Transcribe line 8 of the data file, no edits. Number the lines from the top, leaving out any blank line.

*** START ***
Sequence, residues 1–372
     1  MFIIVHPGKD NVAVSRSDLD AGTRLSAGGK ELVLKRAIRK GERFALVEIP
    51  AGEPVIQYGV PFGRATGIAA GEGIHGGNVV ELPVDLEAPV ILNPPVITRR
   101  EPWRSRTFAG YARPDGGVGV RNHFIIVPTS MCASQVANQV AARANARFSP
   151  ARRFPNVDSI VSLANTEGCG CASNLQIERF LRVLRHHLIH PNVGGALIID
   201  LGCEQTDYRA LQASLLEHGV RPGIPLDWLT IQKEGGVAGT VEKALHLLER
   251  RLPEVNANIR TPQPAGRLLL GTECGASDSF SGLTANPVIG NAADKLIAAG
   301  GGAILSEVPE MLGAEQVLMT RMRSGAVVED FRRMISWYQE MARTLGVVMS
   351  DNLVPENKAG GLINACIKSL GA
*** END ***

   301  GGAILSEVPE MLGAEQVLMT RMRSGAVVED FRRMISWYQE MARTLGVVMS